In our digital film class, we decided to keep things collaborative through to the end: Each student picked one scene to edit, after which we cut the entire story together. At the end of the week, when we screened our short film for parents, I think everybody was happily surprised to see how much they’d been able to accomplish as a group in just one short week. The experience was a great one, and I look forward to having more like it this summer!

Learn more about DMA Teen Film Courses and Summer Computer Camps

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Apple Motion Special Effects Tip with Instructor Mark Spencer

 Mark teaches Motion Training Courses (FCS 101) at Digital Media Academy,  is a Bay Area editor, and has written several books on Motion. Mark has also taught the Final Cut Studio Integration course at DMA.  Mark’s website is an amazing resource for tips and inspiration in using Final Cut Studio.  

Mark Spencer gave us a Motion tip at the Macworld Expo in San Francisco where DMA teamed up with the John Lennon Educational Tour Bus to offer hands-on computer workshops. This video was shot on the bus. Check it out!

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Video Compression for Producers and Editors : How Big is It?

Written by Jeff Sobel of the John Lennon Bus

A video producer often needs to be able to estimate the size of a video file before that video has been recorded, imported or exported.  Do you need a magic crystal ball to predict how large a video file will be before you hit that Export button?  Nope.  You just need a 5th grader’s grasp of basic math.  Here’s how:

Let’s take the example of exporting a video using Apple’s Compressor which comes standard with Final Cut Studio 2.
The first thing you should know is that digital video is encoded at a certain datarate, commonly called the bitrate.  Higher bitrates generally produce better quality video (less “pixelation” or graininess) but will create larger files.  You need to be sure that you choose a bitrate that’s high enough to achieve satisfactory quality but not so high that the video can’t be streamed on the web, downloaded in a reasonable amount of time, emailed, or however you intend to get it to your audience.  Compressor has presets which are great starting points for making this decision.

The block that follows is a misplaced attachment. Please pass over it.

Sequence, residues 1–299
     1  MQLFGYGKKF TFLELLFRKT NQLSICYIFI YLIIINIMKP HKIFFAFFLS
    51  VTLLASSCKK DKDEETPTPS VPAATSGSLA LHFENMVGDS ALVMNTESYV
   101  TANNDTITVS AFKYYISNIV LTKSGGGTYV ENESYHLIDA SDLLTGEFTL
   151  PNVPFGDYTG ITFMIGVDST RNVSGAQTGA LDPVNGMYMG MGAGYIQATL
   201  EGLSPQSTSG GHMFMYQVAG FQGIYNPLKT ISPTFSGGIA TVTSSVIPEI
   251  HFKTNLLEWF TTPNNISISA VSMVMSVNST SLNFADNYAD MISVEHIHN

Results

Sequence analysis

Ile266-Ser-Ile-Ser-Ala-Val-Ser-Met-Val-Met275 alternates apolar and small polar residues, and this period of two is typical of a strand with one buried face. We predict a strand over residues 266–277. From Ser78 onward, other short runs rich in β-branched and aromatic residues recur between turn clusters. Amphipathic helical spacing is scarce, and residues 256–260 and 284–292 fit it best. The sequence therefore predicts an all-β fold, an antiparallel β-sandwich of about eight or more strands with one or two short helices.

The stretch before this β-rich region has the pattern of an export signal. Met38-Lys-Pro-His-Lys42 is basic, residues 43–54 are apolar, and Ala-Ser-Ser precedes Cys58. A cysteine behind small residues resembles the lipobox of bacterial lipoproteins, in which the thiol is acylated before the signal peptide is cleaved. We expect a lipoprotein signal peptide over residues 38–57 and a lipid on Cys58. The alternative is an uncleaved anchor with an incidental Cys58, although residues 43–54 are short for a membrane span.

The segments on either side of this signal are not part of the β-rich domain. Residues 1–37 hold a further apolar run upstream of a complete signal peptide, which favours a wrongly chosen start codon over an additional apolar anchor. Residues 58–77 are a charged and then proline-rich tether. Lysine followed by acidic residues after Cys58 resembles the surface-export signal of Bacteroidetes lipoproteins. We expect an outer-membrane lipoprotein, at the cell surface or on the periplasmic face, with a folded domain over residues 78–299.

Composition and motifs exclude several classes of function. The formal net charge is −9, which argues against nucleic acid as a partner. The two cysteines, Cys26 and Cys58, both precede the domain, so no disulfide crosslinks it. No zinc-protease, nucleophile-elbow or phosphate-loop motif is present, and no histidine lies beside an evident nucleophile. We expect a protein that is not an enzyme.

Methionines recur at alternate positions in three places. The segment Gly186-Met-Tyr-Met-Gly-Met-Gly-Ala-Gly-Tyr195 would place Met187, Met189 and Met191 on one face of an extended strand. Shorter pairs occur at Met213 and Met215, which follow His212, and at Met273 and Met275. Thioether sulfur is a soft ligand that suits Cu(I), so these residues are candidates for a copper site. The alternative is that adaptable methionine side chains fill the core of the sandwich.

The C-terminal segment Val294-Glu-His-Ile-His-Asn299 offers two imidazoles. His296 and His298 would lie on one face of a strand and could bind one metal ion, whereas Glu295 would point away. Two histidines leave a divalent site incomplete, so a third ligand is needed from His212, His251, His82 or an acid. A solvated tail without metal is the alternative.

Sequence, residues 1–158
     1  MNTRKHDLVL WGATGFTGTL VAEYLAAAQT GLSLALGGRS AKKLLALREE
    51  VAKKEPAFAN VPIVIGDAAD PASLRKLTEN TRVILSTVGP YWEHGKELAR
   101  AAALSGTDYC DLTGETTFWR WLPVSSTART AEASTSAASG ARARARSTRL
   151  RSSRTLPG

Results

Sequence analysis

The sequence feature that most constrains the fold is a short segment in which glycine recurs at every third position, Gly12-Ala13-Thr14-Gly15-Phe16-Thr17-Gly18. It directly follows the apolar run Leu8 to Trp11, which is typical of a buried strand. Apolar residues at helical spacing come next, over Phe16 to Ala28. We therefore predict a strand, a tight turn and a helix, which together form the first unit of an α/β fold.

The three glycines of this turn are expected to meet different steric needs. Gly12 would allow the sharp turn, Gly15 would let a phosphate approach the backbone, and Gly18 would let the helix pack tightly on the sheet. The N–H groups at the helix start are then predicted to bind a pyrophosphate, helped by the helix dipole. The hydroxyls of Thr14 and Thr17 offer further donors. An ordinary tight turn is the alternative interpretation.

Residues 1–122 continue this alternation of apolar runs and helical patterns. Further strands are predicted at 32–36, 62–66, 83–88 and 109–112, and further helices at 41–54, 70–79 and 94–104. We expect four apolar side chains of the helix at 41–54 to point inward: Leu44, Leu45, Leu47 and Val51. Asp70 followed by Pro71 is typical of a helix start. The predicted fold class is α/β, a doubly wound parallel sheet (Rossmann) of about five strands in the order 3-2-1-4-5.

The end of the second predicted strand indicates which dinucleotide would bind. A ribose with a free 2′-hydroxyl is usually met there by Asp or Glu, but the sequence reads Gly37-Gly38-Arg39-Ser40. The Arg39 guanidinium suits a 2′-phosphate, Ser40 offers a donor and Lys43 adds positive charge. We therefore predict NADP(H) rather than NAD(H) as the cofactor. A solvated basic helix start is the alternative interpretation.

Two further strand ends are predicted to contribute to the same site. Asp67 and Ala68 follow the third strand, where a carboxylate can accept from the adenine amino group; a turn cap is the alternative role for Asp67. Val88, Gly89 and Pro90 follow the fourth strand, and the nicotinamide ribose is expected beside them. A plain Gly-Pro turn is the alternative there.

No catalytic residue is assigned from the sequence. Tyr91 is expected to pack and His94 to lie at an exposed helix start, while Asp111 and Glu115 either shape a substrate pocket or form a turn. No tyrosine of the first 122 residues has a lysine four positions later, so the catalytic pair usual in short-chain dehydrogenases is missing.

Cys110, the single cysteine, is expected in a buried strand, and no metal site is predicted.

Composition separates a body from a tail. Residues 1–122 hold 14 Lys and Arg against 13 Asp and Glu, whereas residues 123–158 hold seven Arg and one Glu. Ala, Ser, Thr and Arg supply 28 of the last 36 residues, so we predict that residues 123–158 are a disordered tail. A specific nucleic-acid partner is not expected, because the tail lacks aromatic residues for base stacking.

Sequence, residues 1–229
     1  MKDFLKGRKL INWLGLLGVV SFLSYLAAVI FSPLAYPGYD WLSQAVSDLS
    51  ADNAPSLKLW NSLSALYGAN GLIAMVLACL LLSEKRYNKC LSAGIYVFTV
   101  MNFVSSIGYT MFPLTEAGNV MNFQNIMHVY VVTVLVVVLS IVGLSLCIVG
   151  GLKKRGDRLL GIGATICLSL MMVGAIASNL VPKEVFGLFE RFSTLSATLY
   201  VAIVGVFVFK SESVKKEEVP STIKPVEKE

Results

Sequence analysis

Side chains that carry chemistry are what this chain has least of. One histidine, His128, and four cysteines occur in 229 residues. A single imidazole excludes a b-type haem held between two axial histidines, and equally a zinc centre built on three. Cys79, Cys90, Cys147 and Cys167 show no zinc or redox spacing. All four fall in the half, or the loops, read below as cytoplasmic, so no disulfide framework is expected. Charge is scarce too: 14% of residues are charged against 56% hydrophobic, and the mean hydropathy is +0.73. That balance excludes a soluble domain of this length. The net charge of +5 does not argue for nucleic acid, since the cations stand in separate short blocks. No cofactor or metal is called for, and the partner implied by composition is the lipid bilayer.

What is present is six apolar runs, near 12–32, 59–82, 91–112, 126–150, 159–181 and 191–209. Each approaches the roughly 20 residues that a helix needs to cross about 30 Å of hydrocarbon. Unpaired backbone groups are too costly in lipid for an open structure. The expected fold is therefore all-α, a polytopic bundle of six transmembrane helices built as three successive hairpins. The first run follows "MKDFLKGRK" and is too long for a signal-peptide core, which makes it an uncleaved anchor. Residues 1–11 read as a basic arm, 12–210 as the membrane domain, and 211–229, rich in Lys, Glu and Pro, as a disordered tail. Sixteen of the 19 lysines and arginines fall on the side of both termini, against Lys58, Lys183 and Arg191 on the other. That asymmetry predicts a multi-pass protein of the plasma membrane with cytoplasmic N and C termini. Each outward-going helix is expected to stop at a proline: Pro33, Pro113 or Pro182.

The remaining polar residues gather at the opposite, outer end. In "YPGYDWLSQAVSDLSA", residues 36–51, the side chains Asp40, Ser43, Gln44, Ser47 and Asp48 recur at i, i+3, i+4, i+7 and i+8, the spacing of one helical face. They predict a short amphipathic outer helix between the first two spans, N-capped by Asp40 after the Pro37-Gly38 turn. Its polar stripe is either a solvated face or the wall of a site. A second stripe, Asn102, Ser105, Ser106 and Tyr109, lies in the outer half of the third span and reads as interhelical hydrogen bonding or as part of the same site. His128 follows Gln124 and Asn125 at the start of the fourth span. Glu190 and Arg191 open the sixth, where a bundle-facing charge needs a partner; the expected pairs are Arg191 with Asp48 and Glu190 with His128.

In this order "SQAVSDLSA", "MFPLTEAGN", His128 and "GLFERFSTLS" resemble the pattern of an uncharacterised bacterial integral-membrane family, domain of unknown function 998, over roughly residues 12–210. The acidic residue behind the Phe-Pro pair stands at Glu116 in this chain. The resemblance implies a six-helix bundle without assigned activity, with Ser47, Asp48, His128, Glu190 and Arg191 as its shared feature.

The screenshot below shows Compressor’s stock presets for iPodiPhone, and AppleTV:

You’ll see that there are two different presets for iPod/iPhone.  The 1st is “h.264 video @ 600kbps” and the 2nd is “h.264 video @ 1500kbps”.  Now, it’s safe to assume that the 2nd preset will produce better quality video, but how big will the files be?  Let say we have a 2min long video and we’re hoping to compress it to a small enough filesize to be able to email it.  Will the 600kbps setting do that for us?  Let’s figure it out.

The 1st thing you need to know is that “600kbps” stands for “600 kilobits per second”.  Now, we’re all pretty used to hearing about kilobytes, megabytes, even terabytes.  But what’s a kilobit?  A bit is the smallest piece of data there is.  We represent bit with a lowercase b and byte with an uppercase B.  All you need to know is:
There are 8 bits in a byte.  
There are 1024 bits in a kilobit.  
There are 1024 kilobits in a kilobyte. 
There are 1024 kilobytes in a megabyte.

It’s not nearly as complicated as it might seem at first.  It’s just like measurements you make in a kitchen.  You know, 16oz in a pint, 2 pints in a quart, 4 quarts in a gallon, etc…

So let’s figure out how big our 2min video is going to be after we compress it using the 600kbps preset in Compressor:
600kbps / 8 = 75 kilobytes per second
75KB/s * 60 = 4500 kilobytes per minute
4500KB/m / 1024 = 4.4 megabytes per minute

Our 2min video is going to be about 9megabytes when exported with this preset.  Small enough that you might be able to email it.

Now what if we compressed it using the AppleTV preset?  That’s a 5mbps bitrate (5 megabits per second) so:
5mbps * 1024 = 5120 kilobits per second
5120kbps / 8 = 640 kilobytes per second
640KB/s * 60 = 38,400KB per minute
38,400KB / 1024 = 37.5 megabytes per minute

At this setting our 2min video will be about 75 megabytes.  Much larger.  But it’s going to look much better as well, even on an HD TV.

In our next installment we’ll talk about how you can estimate how much disk space you’ll need before capturing or importing your footage from a video camera.

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Learning Apple Final Cut Pro, Logic and Motion : How do I remember?

Written by Seamus Harte of the John Lennon Bus